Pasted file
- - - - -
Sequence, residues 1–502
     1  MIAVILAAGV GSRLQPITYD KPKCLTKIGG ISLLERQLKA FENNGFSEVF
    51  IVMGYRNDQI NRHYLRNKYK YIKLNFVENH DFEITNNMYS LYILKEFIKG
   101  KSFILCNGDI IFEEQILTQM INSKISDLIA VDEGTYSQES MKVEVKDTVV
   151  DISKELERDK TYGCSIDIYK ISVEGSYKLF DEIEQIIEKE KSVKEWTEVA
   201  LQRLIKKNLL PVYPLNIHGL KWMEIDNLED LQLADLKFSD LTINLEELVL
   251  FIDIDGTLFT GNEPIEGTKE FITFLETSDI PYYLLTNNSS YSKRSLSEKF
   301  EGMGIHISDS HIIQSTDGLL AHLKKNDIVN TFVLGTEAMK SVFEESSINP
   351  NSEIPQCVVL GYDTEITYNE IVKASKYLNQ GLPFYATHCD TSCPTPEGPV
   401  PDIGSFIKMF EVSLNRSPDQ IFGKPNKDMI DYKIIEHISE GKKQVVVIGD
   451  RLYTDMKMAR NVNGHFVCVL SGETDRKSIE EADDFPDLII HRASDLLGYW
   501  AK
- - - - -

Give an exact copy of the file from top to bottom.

Sequence, residues 1–502
     1  MIAVILAAGV GSRLQPITYD KPKCLTKIGG ISLLERQLKA FENNGFSEVF
    51  IVMGYRNDQI NRHYLRNKYK YIKLNFVENH DFEITNNMYS LYILKEFIKG
   101  KSFILCNGDI IFEEQILTQM INSKISDLIA VDEGTYSQES MKVEVKDTVV
   151  DISKELERDK TYGCSIDIYK ISVEGSYKLF DEIEQIIEKE KSVKEWTEVA
   201  LQRLIKKNLL PVYPLNIHGL KWMEIDNLED LQLADLKFSD LTINLEELVL
   251  FIDIDGTLFT GNEPIEGTKE FITFLETSDI PYYLLTNNSS YSKRSLSEKF
   301  EGMGIHISDS HIIQSTDGLL AHLKKNDIVN TFVLGTEAMK SVFEESSINP
   351  NSEIPQCVVL GYDTEITYNE IVKASKYLNQ GLPFYATHCD TSCPTPEGPV
   401  PDIGSFIKMF EVSLNRSPDQ IFGKPNKDMI DYKIIEHISE GKKQVVVIGD
   451  RLYTDMKMAR NVNGHFVCVL SGETDRKSIE EADDFPDLII HRASDLLGYW
   501  AK